One of the best pieces of advice on being a working parent that I ever got came from Ben Horowitz, believe it or not. He had young kids during the insanely stressful years of building Loudcloud/Opsware that he writes so vividly about in his book The Hard Thing about Hard Things.

“Just don’t try to be the CEO at home,” he advised me. 

And it’s true. Being a working parent can inform how you act as a manager, but not the other way around. Your kids don’t work for you, and you can’t fire them. You aren’t there to get maximum productivity out of them. Success isn’t turning them into an economic unit. There’s no scenario under which you can shrug and say, “Sorry, kid, it’s just business…”

This is what’s so intense about parenthood, isn’t it? You have to love them through it, hug them through it, breathe with them through it, and teachable moment them through it, no matter what is thrown at you.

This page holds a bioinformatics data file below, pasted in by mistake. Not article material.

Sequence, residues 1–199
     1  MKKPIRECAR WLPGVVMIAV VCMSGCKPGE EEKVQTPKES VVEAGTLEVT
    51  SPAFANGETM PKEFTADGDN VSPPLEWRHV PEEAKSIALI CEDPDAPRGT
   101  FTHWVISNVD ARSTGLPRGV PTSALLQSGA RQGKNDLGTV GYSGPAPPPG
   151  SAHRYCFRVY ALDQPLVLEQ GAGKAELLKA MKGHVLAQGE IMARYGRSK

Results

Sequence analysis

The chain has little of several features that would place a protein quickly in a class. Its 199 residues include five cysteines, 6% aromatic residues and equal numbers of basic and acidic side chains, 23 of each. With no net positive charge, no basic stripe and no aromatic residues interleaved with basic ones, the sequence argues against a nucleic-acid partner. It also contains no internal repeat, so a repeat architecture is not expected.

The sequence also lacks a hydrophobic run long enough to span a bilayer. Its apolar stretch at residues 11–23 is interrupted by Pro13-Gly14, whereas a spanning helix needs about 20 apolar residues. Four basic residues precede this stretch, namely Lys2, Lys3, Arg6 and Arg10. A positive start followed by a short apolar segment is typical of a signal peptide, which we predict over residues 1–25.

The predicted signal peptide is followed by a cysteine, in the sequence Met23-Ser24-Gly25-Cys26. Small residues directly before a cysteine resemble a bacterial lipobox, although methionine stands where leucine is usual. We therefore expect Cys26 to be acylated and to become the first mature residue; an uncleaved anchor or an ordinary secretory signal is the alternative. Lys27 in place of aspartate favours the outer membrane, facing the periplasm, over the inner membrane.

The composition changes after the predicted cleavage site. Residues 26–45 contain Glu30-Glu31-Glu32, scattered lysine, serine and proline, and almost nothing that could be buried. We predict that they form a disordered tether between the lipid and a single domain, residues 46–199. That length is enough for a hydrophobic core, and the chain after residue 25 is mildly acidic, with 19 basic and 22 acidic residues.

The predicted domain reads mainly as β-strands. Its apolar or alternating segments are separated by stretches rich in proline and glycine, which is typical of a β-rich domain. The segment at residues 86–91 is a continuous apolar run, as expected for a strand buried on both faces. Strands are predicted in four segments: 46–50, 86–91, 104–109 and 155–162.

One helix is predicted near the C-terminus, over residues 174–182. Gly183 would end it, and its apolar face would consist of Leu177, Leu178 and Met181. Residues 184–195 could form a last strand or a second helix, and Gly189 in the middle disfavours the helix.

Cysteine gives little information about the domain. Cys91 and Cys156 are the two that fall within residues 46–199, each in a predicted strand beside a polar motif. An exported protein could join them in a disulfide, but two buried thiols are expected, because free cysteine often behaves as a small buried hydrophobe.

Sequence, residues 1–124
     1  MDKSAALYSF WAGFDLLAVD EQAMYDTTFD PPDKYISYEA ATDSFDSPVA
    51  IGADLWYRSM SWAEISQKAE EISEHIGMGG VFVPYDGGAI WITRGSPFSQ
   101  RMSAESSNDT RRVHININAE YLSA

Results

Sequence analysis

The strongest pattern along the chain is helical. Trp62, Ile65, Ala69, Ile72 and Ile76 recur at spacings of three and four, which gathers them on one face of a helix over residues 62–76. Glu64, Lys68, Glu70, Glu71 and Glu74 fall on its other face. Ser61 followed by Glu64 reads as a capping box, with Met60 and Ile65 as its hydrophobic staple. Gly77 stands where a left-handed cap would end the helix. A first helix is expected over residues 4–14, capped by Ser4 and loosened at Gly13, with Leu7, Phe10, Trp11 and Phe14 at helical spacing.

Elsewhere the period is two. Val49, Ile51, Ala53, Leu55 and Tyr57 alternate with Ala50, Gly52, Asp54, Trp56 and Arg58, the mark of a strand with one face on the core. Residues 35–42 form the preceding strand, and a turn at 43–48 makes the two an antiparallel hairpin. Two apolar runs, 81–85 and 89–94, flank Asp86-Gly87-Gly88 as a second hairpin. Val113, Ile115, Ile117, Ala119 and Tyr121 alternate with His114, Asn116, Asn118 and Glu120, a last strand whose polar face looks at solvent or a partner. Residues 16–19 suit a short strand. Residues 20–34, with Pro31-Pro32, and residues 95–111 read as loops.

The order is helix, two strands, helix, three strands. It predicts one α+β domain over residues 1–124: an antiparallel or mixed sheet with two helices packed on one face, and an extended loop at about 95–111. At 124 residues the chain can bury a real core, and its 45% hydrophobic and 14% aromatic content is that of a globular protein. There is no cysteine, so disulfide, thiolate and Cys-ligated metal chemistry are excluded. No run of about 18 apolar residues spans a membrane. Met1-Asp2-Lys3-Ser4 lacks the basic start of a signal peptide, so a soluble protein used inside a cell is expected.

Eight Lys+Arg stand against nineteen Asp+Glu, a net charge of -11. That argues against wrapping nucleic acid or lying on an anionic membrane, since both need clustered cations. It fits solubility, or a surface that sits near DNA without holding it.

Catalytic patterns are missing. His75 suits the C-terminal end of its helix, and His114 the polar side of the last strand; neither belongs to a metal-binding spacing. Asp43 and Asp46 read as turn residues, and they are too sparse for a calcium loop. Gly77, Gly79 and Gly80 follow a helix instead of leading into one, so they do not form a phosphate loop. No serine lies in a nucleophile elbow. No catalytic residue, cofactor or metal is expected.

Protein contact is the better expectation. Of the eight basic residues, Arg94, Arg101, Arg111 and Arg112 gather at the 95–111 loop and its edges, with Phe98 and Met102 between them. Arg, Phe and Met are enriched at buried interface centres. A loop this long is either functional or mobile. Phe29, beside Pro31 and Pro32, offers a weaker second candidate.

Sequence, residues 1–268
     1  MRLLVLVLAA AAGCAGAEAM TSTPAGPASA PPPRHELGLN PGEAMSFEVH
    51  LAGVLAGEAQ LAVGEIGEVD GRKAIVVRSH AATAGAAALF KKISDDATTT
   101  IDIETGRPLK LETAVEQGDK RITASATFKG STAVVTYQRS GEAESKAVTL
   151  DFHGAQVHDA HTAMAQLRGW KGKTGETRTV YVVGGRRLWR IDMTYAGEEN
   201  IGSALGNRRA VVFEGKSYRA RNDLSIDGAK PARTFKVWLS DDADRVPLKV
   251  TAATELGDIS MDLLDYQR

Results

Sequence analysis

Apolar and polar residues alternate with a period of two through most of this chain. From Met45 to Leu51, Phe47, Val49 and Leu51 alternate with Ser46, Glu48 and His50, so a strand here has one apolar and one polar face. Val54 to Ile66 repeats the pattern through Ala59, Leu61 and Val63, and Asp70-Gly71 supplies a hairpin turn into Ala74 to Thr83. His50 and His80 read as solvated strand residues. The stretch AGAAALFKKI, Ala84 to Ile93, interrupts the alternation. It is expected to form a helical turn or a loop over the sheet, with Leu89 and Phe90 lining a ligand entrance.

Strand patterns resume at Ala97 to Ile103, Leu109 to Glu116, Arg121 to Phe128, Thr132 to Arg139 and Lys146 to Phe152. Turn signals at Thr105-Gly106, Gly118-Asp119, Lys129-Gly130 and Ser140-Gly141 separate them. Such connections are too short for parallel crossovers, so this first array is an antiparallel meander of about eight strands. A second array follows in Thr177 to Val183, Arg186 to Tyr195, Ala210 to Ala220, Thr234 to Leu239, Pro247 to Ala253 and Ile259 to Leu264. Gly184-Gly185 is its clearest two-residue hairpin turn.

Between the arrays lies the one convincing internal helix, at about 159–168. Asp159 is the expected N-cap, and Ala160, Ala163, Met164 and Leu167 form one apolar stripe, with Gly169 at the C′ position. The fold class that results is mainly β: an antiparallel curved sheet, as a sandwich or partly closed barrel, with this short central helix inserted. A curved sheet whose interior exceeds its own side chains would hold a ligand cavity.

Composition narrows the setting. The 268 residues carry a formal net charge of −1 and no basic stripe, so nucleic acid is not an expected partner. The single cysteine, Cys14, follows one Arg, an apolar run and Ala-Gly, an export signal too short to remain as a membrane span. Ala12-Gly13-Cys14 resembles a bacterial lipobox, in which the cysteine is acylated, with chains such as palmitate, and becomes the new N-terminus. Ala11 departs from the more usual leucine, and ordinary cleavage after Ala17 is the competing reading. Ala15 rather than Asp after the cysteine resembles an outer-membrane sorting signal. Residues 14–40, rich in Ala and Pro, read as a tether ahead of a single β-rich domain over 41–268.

And I figured that out. I am a different person at home and at work. I am especially different as a mom than I was as a journalist. Eli once said to me, “You are so nice, mom! I don’t know why everyone is so terrified of you!” 

But here’s the problem with the current work-from-home/school-from-home situation: I literally have to be a CEO at home, and my kids are right up in my corner office. 

I am having an incredibly hard time having to act decisively and quickly to get through my work day—especially in a time of crisis—and having to have more patience than I ever have had to before with my children at the exact same moment in time every day

It’s the constant—not just gear-switching—but PERSONALITY switching that is destroying my sanity. 

It’s like living in a horrible stress dream where you can’t get to the airport no matter what you do or you’ve got an exam and you just realized that you never went to class or you’re at work and someone filled the office with alligators or you’re driving a car at high speed down the freeway but you’re in the backseat and you can’t reach the steering wheel. 

Only we’re not waking up. On the days that it all works, I should get a medal. On those other days…Well, I get why liquor sales are up more than 40% in the Bay Area.

Today’s new questions on Chairman Mom:

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